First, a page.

Unseen, Unequal and Unfair: Chronic Pain in England28 June 2021
The findings from Versus Arthritis’s latest report – Unseen, Unequal and Unfair: Chronic Pain in England (PDF, 5.8 MB) – are stark and illustrate the scale of the public health crisis.
Chronic pain (defined as pain which has lasted more than 12 weeks despite treatment or medication) affects around 15.5 million people – a third of the population in England.
Of great concern is that 5.5 million people in England (12% of the population) have high-impact chronic pain, the most disabling form which means a person struggles to take part in daily activities.
Musculoskeletal conditions such as osteoarthritis, back and neck pain, and fibromyalgia are the commonest cause of chronic pain and are the greatest cause of pain and disability in this country.
The impact of chronic pain is unequally felt across different groups in society. People with chronic pain were more likely to live in deprived areas. Additionally, people are more likely to have chronic pain if they are from some minority ethnic groups, if they were women, or if they were older.
We’ve been working hard to raise awareness about musculoskeletal conditions and the impact of the chronic pain they cause.
The release of our latest report shares how chronic pain affects us as a nation and what we collectively need to do about the unseen and unequal burden of chronic pain.
What needs to happen
We need to re-think in how we support people with chronic pain through a far-reaching holistic and comprehensive approach. This report calls on the leaders of local health and care service and public health to:
- Identify every person with high-impact pain and offer the support they need to live well
- Reduce the health inequalities that worsen chronic pain for the most deprived, for women, and certain minority ethnic groups.
- Implement plans to address chronic pain, and regularly report on progress.
Victoria and Sharon share their stories of living with chronic pain and how it’s impacted on their lives.
“I’m Victoria, I’ve lived with chronic pain for over eight years.”
Living life with constant pain is physically and mentally exhausting.
It all started after I suffered whiplash in a car accident in 2012. The pain never went away, and things only got worse over the years that followed.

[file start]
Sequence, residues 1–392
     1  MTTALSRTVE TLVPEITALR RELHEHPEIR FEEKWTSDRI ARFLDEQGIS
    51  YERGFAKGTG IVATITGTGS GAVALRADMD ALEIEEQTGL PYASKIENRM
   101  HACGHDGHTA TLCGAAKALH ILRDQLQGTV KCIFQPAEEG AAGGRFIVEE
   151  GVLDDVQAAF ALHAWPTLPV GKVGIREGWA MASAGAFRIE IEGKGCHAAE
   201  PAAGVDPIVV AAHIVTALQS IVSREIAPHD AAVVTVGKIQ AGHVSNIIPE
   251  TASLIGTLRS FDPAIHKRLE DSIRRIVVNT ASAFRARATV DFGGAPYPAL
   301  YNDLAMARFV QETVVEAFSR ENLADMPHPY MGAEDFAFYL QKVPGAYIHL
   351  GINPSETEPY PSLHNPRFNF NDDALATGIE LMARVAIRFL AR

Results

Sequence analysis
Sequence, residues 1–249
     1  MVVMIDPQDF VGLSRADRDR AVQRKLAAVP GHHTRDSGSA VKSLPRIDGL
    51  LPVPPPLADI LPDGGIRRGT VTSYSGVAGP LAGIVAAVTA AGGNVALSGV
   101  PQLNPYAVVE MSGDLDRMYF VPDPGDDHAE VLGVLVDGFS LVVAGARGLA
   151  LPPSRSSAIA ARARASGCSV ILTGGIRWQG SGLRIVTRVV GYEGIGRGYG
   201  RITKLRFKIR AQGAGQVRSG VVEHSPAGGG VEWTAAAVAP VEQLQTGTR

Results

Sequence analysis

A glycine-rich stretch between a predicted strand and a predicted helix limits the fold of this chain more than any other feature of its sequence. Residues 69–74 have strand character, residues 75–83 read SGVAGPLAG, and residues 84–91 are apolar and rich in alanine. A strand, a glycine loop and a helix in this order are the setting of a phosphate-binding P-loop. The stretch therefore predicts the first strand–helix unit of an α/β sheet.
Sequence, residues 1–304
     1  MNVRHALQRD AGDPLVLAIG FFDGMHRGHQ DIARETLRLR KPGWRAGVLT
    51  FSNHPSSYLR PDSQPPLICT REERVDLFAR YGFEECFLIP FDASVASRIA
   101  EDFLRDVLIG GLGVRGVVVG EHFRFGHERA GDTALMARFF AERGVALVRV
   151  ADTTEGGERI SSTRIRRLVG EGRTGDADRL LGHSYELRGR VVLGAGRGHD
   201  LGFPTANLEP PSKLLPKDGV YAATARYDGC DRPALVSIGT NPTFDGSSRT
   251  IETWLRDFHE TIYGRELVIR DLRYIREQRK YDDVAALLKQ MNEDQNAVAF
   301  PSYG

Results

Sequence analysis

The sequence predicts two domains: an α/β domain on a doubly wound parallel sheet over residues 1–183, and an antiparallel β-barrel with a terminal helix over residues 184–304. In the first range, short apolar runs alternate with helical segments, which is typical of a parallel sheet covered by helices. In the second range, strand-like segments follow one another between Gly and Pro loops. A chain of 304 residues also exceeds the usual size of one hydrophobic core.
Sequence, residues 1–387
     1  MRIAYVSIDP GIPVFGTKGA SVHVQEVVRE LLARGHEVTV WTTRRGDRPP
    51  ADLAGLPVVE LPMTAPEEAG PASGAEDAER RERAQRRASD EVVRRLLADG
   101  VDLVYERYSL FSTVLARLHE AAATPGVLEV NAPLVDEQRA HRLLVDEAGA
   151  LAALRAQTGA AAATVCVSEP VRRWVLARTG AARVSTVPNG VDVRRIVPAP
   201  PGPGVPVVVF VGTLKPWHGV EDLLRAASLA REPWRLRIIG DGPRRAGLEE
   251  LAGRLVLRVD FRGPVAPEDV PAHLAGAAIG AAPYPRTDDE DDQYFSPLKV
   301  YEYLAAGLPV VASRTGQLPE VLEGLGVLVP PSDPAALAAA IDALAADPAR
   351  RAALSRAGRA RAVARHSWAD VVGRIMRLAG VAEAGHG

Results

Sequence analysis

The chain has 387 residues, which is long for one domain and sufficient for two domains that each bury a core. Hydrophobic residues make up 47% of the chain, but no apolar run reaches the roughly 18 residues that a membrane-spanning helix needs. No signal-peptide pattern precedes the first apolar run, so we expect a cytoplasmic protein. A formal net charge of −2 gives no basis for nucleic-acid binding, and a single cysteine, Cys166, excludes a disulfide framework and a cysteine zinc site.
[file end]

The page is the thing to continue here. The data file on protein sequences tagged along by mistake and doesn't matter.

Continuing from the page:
At first, I was hesitant to take medication, yet I was also fed up with being in pain and not being able to pursue my normal way of life, which has always been very active. I went through many different tests and therapies, but still had no answers.
“The pain slowly increased over the years until I had it every single day, all over my body.”
I couldn’t stand up or move without being in pain and it was filling my every waking hour. On top of this, I was told by several doctors that I probably wouldn’t be able to conceive a child due to the level of stress my body was under.
Over a lengthy period of physiotherapy sessions and multiple discussions about pain science, I had a breakthrough.
“I learned that there are a huge range of factors that can influence pain, such as emotions, beliefs and relationships.”
I also learned that understanding why you are in pain and re-framing how you think about it can change how you experience it.
Shortly after giving birth, a second episode of chronic pain occurred in the form of pelvic pain.
It was really hard for me to accept that I was back to being a chronic pain sufferer. However, because I was more informed about chronic pain and I was able to receive support much earlier, my pain levels have been much lower. I won’t give up hope.
“I’m Sharon, I’m 51 and living in chronic pain due to hypermobility syndrome and fibromyalgia."
I worked as a nurse before I was diagnosed. It was very high intensity, with long shifts and often I didn’t have a chance to look after myself. I started getting cysts all over my body and I had nine surgeries over an 18-month period.
I ran out of energy as soon as I got out of bed and everything hurt. My body was just a ball of pain.
“My doctor said it could be fibromyalgia, which was later confirmed by the rheumatologist.”
Living with pain means your whole way of life changes. I was looking after other people all the time, then I went to wetting myself because I couldn’t get to the toilet, not being able to make myself a meal, having to crawl up the stairs because I couldn’t walk for the pain.
The pain is constant, and nothing ever relieves it completely. You lose your livelihood and a lot of independence, and it’s very hard to ask for help because people don’t understand what you’re going through.
“The pain is invisible because I don’t look ill.”
My mum can notice when I’m in pain, but everyday people will say to me ‘you look fine’. I worry that they think it’s all in my head.
I've tried a number of things to help manage my pain. Deep breathing exercises and mindfulness help a lot, as I tense up when I’m in a lot of pain.